Alcohol Does Not Decrease Mortality, Increases Cancer Rate

By John Henry Dreyfuss, staff.

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  • Low-volume alcohol consumption did not reduce mortality risk in this meta-analysis.
  • Low volume drinking and occasional drinking do not reduce mortality risk but may increase cancer risk.
  • Lifetime abstention confers equal mortality risk but obviates cancer risks.
  • Even low-volume alcohol consumption increases risk of numerous cancers.

It is not advisable to suggest that patients consume alcohol in any amounts. Low-volume alcohol consumption has no net mortality benefit compared with lifetime abstention or occasional drinking according to a study published recently in the Journal of Studies on Alcohol and Drugs. “These findings have implications for public policy, the formulation of low-risk drinking guidelines, and future research on alcohol and health,” the authors noted.



In fact, alcohol may increase all-cause mortality rates if cancer risk is factored. Previous meta-analyses have linked alcohol consumption with increased risk of a variety of cancers. (Figures 1 and 2.)

“Previous meta-analyses of cohort studies indicate a J-shaped relationship between alcohol consumption and all-cause mortality, with reduced risk for low-volume drinkers,” the authors wrote. “However, low-volume drinkers may appear healthy only because the abstainers with whom they are compared are biased toward ill health.”


Figure 1. Alcohol consumption has been linked to increased rates of oral cancer.

This meta-analysis was intended to determine whether misclassifying former and occasional drinkers as abstainers—and other potentially confounding study characteristics—underlie observed positive health outcomes for low-volume drinkers in prospective studies of all-cause mortality.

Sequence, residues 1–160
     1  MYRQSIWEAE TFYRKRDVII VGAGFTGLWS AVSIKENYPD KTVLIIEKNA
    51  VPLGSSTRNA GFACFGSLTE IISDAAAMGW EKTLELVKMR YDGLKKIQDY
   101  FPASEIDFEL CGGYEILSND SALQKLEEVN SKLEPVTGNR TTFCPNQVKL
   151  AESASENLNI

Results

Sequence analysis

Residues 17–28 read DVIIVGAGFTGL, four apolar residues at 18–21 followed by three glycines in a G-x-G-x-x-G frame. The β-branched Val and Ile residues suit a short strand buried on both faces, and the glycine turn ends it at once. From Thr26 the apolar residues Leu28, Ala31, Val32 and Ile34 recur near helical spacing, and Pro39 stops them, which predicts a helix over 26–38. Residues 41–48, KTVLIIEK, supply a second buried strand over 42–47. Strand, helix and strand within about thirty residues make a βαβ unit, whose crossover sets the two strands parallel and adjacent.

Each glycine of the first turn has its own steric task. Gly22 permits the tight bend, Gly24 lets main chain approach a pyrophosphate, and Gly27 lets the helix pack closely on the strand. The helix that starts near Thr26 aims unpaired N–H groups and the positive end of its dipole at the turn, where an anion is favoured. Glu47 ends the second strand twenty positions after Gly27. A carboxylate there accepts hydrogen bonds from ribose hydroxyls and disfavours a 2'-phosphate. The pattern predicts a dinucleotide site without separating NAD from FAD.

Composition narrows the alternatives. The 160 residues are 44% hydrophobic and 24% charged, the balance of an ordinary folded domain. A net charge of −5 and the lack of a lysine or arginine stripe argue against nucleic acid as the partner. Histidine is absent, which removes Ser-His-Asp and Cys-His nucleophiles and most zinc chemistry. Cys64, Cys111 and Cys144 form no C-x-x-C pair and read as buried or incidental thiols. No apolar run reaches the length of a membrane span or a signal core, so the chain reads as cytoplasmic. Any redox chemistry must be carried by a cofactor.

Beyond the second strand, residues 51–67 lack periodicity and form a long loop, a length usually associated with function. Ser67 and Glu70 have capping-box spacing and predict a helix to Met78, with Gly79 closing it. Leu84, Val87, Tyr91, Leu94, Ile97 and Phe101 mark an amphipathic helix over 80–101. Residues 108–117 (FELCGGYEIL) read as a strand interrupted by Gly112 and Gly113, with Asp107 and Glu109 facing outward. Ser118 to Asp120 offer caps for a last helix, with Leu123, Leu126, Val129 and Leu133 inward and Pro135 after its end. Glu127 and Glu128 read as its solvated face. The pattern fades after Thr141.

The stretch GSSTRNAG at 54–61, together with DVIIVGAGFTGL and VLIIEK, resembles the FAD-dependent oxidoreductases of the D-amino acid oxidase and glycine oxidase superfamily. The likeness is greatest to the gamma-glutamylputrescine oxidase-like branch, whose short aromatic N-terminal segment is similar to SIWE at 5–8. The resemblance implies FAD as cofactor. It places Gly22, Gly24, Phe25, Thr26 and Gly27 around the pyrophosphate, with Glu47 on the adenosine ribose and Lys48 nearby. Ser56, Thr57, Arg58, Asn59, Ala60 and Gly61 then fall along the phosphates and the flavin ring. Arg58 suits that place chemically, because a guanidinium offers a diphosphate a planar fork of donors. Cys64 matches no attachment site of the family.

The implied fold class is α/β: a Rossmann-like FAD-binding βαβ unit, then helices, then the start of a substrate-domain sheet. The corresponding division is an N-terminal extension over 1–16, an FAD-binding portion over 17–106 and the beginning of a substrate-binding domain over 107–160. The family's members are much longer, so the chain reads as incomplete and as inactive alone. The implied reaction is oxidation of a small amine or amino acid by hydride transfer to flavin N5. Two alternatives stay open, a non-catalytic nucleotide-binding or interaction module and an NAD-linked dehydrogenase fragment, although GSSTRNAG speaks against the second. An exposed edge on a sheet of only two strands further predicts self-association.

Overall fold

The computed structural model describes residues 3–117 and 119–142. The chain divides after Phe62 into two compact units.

The Analysis

These reviewers conducted a systematic review and meta-regression analysis of studies investigating alcohol use and mortality risk. The authors controlled for quality-related study characteristics in an examination of 3,998,626 individuals of whom 367,103 died during the study period.


Figure 2. Alcohol consumption has been linked to increased rates of breast cancer.

The analysis included 87 included studies which replicated the classic J-shaped curve that has been associated with alcohol consumption and all-cause mortality. On this curve, low-volume drinkers (1.3–24.9 g ethanol per day) appear to have a reduced mortality risk (RR=0.86, 95% confidence interval [CI] 0.83, 0.90). On the same curve, occasional drinkers (<1.3 g per day) displayed similar mortality risk (RR=0.84, 95% CI 0.79, 0.89), and former drinkers had an elevated risk (RR=1.22, 95% CI 1.14, 1.31).

“After adjustment for abstainer biases and quality-related study characteristics, no significant reduction in mortality risk was observed for low-volume drinkers (RR=0.97, 95% CI 0.88, 1.07). Analyses of higher-quality bias-free studies also failed to find reduced mortality risk for low-volume alcohol drinkers. Risk estimates for occasional drinkers were similar to those for low- and medium-volume drinkers,” the authors explained.